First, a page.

Sunday, December 27, 2015

Fadi Ghanem MD Slideshare

Powerpoints About Fadi Ghanem, MD. Slideshare offers users the ability to upload and share publicly or privately PowerPoint presentations, Word documents and Adobe PDF Portfolios.
Fadi Ghanem MD Slidehare

Tuesday, November 17, 2015

Fadi Ghanem MD: 5 Fatty Foods That Are Actually Healthy

5 Fatty Foods That Are Actually Healthy #fadighanemmd

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Fadi Ghanem MD Family Physician

Did you have such circumstances when you had a certain medical emergency and you were totally clueless what to do and whom to contact? Well, a family doctor can be of ultimate help under such conditions.

Fadi Ghanem MD is a renowned family physician known for his skills and expertise over the subject.  His instant availability and the nature to have a close eye on the subject matter make him so popular.

It is indeed necessary to have a family physician to avoid dreadful situations.  Whenever any advice or supervision is required, a family physician comes to your ultimate rescue.  Why to visit a new doctor each time you have medical problems?  Visiting the same doctor every time would make him aware of your family history, the kind of medicines that suit you, how your body reacts to certain medical conditions, any allergy history and so on.

Visiting a new doctor every time would invite unwanted hassles.  He would get the tests done every time and would have no idea of your previous cases.  Although you can share the required documents and file with him, but still it would not be worth it.  Secondly, when we take medicines, our body react to it.  Sticking to a family doctor would mean that you are prescribed the medicines along the same lines and since your body has already shown positive response to those,  it is likely that you will get well much faster with quick recovery.

This is what Fadi Ghanem MD recommends and is highly specialized in his field.  Visit him and stay assured to have the best treatment possible.

Stay healthy!

Wednesday, November 11, 2015

Insulin Pumps Give Kids With Type 1 Diabetes Better Blood Sugar Control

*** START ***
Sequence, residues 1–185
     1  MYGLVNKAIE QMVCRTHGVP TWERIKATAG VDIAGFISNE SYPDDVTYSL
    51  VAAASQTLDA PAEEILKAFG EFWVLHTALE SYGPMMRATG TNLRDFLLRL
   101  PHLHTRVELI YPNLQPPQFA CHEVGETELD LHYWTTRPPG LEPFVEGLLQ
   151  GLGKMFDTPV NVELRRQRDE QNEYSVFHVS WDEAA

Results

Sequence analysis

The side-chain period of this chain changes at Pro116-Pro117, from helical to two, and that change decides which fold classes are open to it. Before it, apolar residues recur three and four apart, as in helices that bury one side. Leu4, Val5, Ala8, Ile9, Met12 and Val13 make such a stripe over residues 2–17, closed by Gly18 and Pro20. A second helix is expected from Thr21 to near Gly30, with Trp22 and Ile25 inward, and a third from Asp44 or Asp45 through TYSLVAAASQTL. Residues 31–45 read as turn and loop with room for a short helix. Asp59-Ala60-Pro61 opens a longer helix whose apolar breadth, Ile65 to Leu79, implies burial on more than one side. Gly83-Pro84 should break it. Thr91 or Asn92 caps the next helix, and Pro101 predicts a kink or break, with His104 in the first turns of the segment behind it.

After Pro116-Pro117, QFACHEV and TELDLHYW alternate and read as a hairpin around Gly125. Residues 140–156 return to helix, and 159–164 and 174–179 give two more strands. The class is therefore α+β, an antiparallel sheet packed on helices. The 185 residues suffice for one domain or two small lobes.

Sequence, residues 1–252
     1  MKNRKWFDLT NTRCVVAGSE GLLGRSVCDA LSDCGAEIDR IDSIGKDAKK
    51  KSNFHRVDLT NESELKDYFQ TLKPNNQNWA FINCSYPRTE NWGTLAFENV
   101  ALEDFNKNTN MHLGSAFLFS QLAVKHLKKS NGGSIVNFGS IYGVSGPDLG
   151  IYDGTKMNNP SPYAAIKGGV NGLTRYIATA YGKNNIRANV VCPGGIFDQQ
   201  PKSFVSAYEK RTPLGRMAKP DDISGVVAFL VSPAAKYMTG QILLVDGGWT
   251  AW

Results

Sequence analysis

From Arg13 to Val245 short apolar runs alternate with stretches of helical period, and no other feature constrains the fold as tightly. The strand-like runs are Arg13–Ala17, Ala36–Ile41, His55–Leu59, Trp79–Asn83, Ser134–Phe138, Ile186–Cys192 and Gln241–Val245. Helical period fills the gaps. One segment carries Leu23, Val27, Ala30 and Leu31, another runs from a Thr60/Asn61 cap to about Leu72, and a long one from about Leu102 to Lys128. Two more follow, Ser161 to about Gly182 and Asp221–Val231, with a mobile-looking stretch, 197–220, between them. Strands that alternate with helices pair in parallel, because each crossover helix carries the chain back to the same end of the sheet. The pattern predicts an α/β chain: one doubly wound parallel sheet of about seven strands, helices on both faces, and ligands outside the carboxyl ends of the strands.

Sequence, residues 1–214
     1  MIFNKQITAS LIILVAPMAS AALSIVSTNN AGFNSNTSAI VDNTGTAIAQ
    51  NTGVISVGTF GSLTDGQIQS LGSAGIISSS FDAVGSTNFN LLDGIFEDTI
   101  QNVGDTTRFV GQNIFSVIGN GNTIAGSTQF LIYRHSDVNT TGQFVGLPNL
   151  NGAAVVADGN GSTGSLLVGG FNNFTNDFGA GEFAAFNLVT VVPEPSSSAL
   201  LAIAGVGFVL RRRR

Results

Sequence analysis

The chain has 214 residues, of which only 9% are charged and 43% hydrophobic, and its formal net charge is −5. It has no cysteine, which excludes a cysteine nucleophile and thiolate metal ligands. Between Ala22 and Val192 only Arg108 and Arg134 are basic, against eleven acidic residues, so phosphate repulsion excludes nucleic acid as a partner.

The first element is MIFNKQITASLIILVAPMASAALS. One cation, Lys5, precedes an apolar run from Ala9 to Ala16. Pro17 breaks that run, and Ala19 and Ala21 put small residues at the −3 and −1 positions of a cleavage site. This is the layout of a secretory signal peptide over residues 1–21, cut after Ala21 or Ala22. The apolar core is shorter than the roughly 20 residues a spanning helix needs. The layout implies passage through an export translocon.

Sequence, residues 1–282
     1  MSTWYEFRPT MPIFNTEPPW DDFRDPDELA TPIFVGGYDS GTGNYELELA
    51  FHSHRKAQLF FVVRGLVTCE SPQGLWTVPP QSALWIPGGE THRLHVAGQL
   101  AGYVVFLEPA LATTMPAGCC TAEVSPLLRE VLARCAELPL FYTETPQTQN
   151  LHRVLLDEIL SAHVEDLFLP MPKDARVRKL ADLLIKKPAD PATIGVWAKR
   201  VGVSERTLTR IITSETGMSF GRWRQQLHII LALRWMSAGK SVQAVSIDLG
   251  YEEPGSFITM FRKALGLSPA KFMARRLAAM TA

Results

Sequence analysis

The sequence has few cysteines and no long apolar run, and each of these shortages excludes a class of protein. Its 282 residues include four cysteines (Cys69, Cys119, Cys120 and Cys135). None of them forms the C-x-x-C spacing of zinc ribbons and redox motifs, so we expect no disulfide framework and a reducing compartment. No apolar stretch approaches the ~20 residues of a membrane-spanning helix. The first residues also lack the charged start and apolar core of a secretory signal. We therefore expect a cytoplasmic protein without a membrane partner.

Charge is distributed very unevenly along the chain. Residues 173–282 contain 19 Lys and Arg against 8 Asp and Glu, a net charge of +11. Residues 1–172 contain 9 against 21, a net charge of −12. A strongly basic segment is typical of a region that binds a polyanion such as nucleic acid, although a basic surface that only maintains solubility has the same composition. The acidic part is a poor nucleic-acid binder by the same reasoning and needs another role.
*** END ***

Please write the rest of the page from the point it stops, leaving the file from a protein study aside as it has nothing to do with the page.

Study included almost 55,000 children and teens.

Insulin Pumps Give Kids With Type 1 Diabetes Better Blood Sugar Control

Nov. 10, 2015 (HealthDay News) — Insulin pumps help improve blood sugar control in children and teens with type 1 diabetes, researchers are reporting.

People with type 1 diabetes no longer produce enough insulin — a hormone necessary for the body and brain to use the carbohydrates in foods as fuel. Before insulin pumps, the only way to replace the lost insulin was through multiple daily injections of insulin.

Insulin pumps use a thin tube that’s inserted under the skin to deliver the missing insulin. Insulin pump sites — that’s where the tubing goes into the skin — typically have to be changed every three days, according to the American Diabetes Association (ADA). People with diabetes still have to tell the pump to deliver insulin, and how much insulin to deliver. They are not fully automated.

For the new study, researchers looked at three diabetes registries in the United States, Germany/Austria and England/Wales that included 55,000 children and teens with type 1 diabetes. The researchers — led in the United States by Dr. Jennifer Sherr, at Yale School of Medicine, in New Haven, Conn. — compared hemoglobin A1C levels among youngsters with type 1 diabetes who used either insulin pumps or insulin injections.

The hemoglobin A1C test provides a two- to three-month average of blood sugar levels. An A1C level of 7.5 percent or less is generally recommended for children and teens with type 1 diabetes, according to the ADA.

The study revealed that mean A1C levels were 8 percent for those using insulin pumps. For those using insulin injections, the study found a mean A1C level of 8.5 percent.

The researchers also found that only 22 percent of kids in ethnic minorities had pumps, compared with 34 percent of non-minority children. In addition, the study authors discovered that girls were more likely to have pumps than boys — 34 percent versus 30 percent.

The study was published in the Nov. 7 online edition of the journal Diabetologia.

Experts say that most children with type 1 diabetes qualify for insulin pump use. But there are wide variations in the availability and use of the devices, the researchers said.

The study authors called for further research into expanding the use of insulin pumps among young patients regardless of age, sex, ethnicity or country.

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